Many don’t know that some 30,000 Canadians came south to serve in the American armed forces during Vietnam. Despite the political fervor and nationwide atmosphere at that time, some made the conscious decision to fight. Citizens or not, fewer still made the conscious decision to fight as Marines.
“I went over to Vietnam in ‘66 and ’67,” said LeDrew. “I was still a Canadian citizen, I had carried a green card for seven years, and if I had said, over there, ‘I disagree with the American policy,’ I would have been back in the States seven days later, and been persona non-grata in Canada seven days after that.”
No regrets with his decision, despite the reservations of his family in Canada, LeDrew went into his first Vietnam deployment headfirst as an 03 infantryman buck sergeant. His 782 individual combat equipment gear, the rain, the mud, the sights and the people are all still vividly embedded in his mind.
Like a roll of film, memories of Vietnam fill LeDrew’s mind: playing soccer on the beach by the South China sea with international allied forces, a visit from Australian performer Shirley Simmons, the hard tents with corrugated roofing that could be attacked by an enemy mortar at any second, a lone Vietnamese mother trying to hand her child over to Marines because she could no longer provide, and local kids with water buckets going over to scrounge for food.
“I sometimes felt like I was out there with a shield and a spear. That first tour took me to Chu Lai, Hue, and Phu Bai - Second tour was the Da Nang area,” said LeDrew. “We had the M-16 on my second tour, but that was the first one to come out. That was like a Mattel toy and none of us liked it - I ended up carrying a Remington shotgun with 00-buck because you had more of a chance of hitting something with it than with the .223 round of the M-16.”
On his second tour, SSgt. LeDrew was more conscientious of the cultural courtesies of the locals. Although he was a much more seasoned Marine with first-hand knowledge of the realities that Vietnam offered, his second tour didn’t bring him back to the States unscathed.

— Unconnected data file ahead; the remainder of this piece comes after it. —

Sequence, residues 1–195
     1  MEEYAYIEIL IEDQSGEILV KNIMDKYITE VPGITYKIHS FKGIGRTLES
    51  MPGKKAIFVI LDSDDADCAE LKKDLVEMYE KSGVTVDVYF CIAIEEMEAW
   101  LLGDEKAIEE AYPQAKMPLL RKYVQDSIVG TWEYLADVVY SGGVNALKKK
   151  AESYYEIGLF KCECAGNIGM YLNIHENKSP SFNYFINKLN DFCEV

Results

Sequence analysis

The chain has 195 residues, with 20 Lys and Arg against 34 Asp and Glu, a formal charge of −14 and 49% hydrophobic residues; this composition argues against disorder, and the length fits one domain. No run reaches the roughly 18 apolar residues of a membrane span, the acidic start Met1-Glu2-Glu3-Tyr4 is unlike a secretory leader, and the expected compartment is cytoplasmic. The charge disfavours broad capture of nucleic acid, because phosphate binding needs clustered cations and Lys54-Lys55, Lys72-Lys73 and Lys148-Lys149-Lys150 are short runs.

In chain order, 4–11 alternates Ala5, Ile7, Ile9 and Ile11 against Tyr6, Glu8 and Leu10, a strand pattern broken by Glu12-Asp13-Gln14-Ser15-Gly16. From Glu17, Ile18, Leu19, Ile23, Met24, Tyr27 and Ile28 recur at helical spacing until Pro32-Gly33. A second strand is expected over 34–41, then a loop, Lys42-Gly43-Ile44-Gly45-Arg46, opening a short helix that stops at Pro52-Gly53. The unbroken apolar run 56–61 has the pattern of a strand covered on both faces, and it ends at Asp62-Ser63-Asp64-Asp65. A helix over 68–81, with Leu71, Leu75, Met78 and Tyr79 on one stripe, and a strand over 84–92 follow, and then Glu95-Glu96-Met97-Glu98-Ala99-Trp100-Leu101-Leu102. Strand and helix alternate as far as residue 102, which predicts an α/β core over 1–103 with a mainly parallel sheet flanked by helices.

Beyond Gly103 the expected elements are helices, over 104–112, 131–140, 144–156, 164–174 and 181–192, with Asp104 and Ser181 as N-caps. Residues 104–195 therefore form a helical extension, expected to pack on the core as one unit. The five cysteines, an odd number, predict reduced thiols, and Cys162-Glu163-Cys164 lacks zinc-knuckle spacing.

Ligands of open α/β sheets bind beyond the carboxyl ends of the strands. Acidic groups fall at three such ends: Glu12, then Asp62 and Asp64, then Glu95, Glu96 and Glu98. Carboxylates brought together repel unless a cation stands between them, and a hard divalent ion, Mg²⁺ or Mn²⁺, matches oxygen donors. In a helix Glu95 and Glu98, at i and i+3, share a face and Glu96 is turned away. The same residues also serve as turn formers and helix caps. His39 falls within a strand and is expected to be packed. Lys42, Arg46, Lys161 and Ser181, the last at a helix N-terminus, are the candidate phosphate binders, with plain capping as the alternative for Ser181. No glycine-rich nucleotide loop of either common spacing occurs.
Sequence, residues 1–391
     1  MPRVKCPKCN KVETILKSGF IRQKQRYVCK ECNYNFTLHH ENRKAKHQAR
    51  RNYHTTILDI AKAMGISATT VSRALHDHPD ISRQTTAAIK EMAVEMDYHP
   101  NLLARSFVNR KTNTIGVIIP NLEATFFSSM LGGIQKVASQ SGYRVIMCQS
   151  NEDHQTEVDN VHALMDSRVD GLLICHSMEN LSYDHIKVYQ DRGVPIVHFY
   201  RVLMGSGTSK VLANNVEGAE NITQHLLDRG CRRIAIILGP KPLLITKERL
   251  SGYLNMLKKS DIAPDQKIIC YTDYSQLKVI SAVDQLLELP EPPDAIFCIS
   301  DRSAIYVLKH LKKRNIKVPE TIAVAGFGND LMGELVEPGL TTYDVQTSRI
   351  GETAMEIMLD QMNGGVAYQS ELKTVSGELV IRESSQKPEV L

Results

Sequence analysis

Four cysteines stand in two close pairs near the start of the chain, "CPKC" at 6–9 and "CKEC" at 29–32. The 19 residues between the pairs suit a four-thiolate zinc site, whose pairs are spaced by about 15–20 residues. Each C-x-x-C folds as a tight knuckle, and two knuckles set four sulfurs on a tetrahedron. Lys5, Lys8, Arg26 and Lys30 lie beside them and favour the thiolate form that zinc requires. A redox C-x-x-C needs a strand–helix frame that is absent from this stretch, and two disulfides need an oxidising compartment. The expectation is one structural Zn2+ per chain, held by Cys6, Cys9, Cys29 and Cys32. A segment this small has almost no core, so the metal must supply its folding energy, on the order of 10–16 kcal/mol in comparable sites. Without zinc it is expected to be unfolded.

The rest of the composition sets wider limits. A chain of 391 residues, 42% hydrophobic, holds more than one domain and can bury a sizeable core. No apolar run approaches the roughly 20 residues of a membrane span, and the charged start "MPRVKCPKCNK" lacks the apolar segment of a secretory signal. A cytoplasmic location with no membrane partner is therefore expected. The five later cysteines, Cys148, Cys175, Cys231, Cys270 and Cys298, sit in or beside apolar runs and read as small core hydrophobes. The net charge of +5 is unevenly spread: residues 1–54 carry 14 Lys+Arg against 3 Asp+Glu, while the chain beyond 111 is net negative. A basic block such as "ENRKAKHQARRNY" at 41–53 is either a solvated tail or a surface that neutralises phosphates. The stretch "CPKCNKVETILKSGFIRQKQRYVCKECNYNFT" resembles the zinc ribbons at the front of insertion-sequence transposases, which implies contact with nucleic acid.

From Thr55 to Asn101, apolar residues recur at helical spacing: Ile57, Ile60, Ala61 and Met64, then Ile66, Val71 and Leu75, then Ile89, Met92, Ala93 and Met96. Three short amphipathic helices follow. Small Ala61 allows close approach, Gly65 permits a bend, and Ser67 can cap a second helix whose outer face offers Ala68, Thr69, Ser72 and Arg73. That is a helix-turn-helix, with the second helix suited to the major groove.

“We were at Monkey Mountain at the time, came off the mountain to get some supplies and on our way back our jeep ran into an ambush. I’ve got pictures of the jeep, got bullet holes in the window and a grenade strike in the back,” said LeDrew. “Well, the captain I was with caught a round through the thigh and I caught one through the top of the arm. Buggered up the tattoo – Now it says, ‘Death or Glow.’”
LeDrew would spend 1969’s Christmas and New Year’s in a Naval hospital in Da Nang nursing his wound. That same year, after having hurt his back during an ambush, LeDrew found himself being unable to tie his own boots. Eventually, he’d lose some feeling in his feet and was medically evacuated out of Vietnam to a hospital in Camp Pendleton, Calif., for physical therapy.
“A few years later, I’d have back surgery and square it away,” added LeDrew.
Vietnam was a challenge, not just physically, but mentally as well. The toll the theater of war takes on service members often makes it tough for families to keep in touch.
In place of electronic mail or modern day video correspondence, Marines would use little reels of three minute long tape and recorders to record messages on for their loved ones. These spools of time would often record mortar harassments and sniper fire in the background.
“I’d tell my wife then, ‘Play this tape first so you know what’s coming on the other tape,’” said LeDrew. “Her and her girl friends would hear the sounds and be aghast, you know. ‘Oh my, oh my!’ and the whole bit.”
From a military working dog named Rip who tracked an enemy sniper down from roughly 300-yards out to close calls with enemy mortar and rocket attacks, LeDrew’s memories of Vietnam is a testament to the incredible time our past servicemen and servicewomen put in. Deeds that, unfortunately, were not recognized with respect by the American public in the 1960’s.
“I like the way people are supporting the troops nowadays. We didn’t have that when we came back,” said LeDrew, who’s worked at the post level, district level and national level with veterans support groups. “They had that in World War II, so-so in Korea – almost the forgotten war, in that end. Definitely not in Vietnam, on any portion whatsoever - but to see it build up again? You bet’cha.”
LeDrew retired from the Marine Corps in 1981, after 20 years of service with the rank of master gunnery sergeant. Today, he lives in Yuma, Ariz., with his wife Ida, who he endearingly refers to as his Swede from Nebraska who loves white tulips. These days, LeDrew spends his time reading, golfing, playing tennis, dabbling in photography and carpentry, and supporting his local American Legion chapter. Staying ever faithful to his past, present and future – Ever the Marine.